8th February 2019
Jon-Luc talks Six Nations, women’s rugby and the global reach of the game
This year’s Six Nations tournament got off to a memorable start last week with England claiming their first win in Dublin since 2013, and Wales fighting back from 16-0 down at half-time to win in Paris. The continent’s most fiercely contested competition rolls into Rome, London and Edinburgh this weekend for round two and fans around the world will be tuning in to see which nation can remain unbeaten and stay on course for a Grand Slam. We spoke with Jon-Luc Bacquenois, BA (Hons) Sports Business & Sports Broadcasting student and rugby team captain at UCFB Wembley, about what makes the tournament so unique, the growing popularity of rugby globally, and the rapid development of the women’s game…
The England men and women’s team made a great start to their Six Nations campaigns last week. What do you make of the first round of fixtures?
The England women’s team took on Ireland, and the way they played showed a real testament to how far the women’s game has come in recent years. I think that Tyrrells sponsorship of the Premier 15s league has allowed the women’s game to improve and allow all the squads in that competition to play consistently at a high level which, in turn, has allowed the standard of the international game to increase.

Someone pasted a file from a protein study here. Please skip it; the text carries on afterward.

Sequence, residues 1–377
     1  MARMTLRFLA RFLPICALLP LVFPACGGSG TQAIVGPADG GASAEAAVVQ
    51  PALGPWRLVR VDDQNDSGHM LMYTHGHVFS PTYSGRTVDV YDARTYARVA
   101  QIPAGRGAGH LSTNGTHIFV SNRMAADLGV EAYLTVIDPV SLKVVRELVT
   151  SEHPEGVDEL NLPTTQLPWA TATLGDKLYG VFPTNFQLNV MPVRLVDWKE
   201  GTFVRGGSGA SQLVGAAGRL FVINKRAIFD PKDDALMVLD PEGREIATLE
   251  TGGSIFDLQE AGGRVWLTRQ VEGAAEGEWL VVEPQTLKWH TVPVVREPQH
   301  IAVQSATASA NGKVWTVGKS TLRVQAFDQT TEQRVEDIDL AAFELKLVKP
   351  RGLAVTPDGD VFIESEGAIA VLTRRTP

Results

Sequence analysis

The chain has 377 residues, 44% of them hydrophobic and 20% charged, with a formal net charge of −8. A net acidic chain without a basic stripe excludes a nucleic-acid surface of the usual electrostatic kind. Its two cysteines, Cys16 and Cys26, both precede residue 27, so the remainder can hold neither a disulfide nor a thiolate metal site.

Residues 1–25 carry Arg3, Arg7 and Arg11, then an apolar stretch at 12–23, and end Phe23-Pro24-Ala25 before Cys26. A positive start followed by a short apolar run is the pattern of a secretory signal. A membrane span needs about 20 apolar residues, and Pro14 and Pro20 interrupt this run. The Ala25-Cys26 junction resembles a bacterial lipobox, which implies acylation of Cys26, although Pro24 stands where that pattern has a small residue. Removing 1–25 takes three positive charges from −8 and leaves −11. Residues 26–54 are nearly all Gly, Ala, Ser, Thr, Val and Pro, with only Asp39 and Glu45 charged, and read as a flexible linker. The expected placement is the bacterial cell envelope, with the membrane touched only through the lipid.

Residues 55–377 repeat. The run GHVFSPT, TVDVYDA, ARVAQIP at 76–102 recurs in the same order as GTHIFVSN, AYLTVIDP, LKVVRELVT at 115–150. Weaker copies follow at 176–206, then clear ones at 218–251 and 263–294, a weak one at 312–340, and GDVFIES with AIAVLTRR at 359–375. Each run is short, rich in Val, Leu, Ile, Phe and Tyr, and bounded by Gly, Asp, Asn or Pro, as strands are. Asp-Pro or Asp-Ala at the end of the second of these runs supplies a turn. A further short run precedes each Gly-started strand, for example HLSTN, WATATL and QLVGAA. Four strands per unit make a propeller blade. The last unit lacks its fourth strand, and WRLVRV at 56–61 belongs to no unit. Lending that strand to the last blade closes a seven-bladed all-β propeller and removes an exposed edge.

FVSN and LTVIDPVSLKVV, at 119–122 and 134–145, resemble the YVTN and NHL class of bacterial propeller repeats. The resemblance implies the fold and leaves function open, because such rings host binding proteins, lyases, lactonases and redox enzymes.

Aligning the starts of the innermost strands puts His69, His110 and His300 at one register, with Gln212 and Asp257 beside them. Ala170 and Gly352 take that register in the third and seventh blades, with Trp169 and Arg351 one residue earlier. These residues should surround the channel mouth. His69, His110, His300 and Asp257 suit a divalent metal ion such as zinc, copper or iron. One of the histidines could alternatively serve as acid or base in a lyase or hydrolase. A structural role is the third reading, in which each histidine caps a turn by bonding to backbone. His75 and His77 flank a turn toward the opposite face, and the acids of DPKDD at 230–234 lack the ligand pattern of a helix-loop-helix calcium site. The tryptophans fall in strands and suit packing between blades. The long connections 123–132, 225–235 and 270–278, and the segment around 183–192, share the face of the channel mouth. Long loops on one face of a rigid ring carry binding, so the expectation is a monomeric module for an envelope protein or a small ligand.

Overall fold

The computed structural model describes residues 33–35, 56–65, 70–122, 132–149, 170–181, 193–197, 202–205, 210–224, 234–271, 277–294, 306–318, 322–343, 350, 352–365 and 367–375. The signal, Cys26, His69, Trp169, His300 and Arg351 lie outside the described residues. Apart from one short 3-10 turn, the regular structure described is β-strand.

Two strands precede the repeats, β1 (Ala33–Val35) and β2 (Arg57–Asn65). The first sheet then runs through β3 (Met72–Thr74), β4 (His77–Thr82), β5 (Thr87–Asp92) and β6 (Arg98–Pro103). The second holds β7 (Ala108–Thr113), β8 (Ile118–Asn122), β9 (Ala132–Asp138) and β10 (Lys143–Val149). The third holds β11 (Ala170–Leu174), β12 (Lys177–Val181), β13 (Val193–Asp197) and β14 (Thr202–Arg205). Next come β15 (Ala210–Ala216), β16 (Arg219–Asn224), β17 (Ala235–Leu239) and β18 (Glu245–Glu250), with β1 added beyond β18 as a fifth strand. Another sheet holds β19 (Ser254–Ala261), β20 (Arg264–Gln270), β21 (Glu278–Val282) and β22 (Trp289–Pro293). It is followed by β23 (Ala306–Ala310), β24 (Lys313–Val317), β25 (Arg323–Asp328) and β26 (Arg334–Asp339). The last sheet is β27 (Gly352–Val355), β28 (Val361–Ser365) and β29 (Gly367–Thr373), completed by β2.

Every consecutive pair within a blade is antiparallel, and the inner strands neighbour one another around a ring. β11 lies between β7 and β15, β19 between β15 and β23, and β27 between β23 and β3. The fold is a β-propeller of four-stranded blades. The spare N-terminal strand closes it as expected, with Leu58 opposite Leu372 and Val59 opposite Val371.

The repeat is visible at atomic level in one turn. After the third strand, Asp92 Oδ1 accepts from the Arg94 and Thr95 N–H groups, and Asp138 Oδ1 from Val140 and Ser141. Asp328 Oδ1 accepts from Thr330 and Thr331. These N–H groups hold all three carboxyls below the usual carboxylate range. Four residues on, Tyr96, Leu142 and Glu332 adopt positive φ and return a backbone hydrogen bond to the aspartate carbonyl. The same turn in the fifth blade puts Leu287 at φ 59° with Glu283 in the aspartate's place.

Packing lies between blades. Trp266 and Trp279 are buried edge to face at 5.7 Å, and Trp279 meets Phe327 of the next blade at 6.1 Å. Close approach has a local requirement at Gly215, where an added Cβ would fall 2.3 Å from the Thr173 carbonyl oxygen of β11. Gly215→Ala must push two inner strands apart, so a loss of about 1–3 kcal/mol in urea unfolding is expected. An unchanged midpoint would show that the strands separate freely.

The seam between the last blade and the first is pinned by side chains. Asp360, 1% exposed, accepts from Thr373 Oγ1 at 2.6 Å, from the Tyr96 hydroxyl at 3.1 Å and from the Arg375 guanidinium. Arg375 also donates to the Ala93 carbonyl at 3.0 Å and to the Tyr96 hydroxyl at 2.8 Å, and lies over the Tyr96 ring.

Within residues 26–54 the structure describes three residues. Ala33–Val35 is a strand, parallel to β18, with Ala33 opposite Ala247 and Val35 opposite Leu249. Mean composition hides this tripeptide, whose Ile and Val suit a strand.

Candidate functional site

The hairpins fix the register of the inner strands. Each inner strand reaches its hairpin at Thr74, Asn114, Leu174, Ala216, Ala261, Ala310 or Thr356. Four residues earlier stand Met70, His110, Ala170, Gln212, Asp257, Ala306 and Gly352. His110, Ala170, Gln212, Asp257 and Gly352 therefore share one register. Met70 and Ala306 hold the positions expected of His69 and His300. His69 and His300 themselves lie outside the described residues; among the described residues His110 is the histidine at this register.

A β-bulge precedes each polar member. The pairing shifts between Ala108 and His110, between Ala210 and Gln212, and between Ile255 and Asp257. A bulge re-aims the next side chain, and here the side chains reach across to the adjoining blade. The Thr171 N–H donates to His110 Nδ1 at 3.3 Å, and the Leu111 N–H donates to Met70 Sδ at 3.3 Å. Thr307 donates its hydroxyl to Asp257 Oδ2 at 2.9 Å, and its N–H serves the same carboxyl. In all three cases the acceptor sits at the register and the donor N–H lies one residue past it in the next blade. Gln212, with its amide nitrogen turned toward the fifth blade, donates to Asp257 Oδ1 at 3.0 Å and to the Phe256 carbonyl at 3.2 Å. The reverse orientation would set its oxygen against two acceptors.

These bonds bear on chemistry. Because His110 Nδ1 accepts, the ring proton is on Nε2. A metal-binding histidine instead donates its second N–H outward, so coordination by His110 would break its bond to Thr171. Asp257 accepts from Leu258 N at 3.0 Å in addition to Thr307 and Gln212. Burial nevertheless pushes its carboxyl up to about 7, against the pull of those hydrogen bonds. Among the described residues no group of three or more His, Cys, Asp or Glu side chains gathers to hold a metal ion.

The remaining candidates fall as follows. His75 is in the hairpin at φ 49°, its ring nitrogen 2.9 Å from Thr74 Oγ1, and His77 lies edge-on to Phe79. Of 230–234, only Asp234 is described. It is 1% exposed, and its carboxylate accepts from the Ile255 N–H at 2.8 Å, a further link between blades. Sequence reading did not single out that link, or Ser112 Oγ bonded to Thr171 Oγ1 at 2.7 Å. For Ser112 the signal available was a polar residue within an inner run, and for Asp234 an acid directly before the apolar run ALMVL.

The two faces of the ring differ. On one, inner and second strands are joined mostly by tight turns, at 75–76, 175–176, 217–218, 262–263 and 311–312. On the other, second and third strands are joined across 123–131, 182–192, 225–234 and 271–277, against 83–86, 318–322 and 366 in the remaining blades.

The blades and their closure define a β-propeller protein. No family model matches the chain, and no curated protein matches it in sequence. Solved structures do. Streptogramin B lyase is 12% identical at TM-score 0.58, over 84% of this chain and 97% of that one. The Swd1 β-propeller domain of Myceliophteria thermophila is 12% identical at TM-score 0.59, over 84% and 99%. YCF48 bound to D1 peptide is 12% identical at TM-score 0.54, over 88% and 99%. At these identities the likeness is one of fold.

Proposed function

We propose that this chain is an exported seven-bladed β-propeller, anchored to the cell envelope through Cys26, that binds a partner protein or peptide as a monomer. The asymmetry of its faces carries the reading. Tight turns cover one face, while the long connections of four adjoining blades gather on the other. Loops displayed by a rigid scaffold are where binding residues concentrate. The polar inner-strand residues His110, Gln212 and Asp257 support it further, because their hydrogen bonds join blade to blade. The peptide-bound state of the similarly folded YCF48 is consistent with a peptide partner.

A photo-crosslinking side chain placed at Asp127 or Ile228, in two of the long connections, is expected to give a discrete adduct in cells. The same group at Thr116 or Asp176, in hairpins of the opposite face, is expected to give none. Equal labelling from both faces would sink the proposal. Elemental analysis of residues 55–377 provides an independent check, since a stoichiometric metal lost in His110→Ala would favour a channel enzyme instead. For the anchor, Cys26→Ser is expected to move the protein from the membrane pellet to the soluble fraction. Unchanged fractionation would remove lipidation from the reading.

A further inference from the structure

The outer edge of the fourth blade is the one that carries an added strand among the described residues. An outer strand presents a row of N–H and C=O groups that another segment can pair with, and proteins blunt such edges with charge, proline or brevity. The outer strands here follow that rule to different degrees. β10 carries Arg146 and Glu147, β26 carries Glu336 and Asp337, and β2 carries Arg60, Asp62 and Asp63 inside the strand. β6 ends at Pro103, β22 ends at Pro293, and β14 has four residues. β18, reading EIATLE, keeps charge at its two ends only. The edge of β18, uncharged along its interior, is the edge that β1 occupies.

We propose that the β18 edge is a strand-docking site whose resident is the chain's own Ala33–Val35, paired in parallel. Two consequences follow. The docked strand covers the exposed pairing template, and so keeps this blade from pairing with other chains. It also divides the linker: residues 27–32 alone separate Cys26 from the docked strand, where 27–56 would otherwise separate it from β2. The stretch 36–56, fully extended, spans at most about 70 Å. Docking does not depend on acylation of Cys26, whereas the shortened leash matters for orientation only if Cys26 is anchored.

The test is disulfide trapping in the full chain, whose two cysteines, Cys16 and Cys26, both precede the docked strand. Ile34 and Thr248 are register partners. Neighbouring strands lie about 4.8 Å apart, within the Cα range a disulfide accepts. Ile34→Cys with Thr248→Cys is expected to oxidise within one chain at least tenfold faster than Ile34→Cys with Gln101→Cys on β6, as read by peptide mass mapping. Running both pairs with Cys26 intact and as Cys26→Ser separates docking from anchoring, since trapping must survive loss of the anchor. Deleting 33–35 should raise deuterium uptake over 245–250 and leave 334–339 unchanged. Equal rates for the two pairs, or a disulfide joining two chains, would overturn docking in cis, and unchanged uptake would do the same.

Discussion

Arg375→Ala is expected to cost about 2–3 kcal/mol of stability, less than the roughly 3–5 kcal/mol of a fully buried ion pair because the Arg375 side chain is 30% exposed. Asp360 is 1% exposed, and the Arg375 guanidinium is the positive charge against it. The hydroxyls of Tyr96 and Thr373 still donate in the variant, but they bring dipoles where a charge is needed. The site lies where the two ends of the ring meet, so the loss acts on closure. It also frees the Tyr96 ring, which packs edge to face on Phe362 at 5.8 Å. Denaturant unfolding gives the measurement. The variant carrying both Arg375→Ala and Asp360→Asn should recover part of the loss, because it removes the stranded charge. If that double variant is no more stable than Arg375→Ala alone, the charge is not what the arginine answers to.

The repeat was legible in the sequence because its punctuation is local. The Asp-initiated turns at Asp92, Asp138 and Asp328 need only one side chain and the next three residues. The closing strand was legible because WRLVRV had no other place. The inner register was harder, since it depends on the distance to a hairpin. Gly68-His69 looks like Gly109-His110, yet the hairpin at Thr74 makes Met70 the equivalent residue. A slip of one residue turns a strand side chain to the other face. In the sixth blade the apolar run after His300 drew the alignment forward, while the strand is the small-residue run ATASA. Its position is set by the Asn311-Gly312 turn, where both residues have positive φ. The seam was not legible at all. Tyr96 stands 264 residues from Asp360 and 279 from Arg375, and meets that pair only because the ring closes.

The England men’s side also took on Ireland who, arguably, were Grand Slam favourites this year. England attacked them from minute one, they kept the same intensity that they had against New Zealand in the summer but never took their foot of the gas. They capitalised on poor play from the Irish and deservedly won.
For you, what makes the Six Nations such a special tournament?
The Six Nations is special because it involves five of the top 10 sides in world rugby, which on its own means it’s going to be a competitive tournament. The big collisions, the sportsmanship and the sense of countries coming to a halt to support their country in taking on the old enemies of rugby really gives a buzz to watching the tournament and enjoying it.
Having the Six Nations on terrestrial television is the reason fans can feel this way; everyone can watch for no fee. It’s a real advert for how good a game of rugby can be.
What are your predictions for both tournaments this year? And who do you think has the best chance of securing the Grand Slam?
For the men’s tournament, if I had to answer this pre-Six Nations I would have said Ireland. But after that first weekend I think England are going to win it, and after beating Ireland I think they have the best chance of winning the Grand Slam this year. However, I do believe that Scotland have a chance of creating a few upsets this time round and could have another year where they aren’t battling Italy for that coveted wooden spoon accolade.
The women’s tournament is a tough one for me to call because all of me wants to say England have it in the bag and are going to win another Grand Slam. But the French aren’t a team that can be taken lightly and have every chance of causing another upset like they did last year. If I was a betting man I’d choose England to win the Grand Slam.
Who are the players to watch this year? Who do you think will come out as player of the tournament?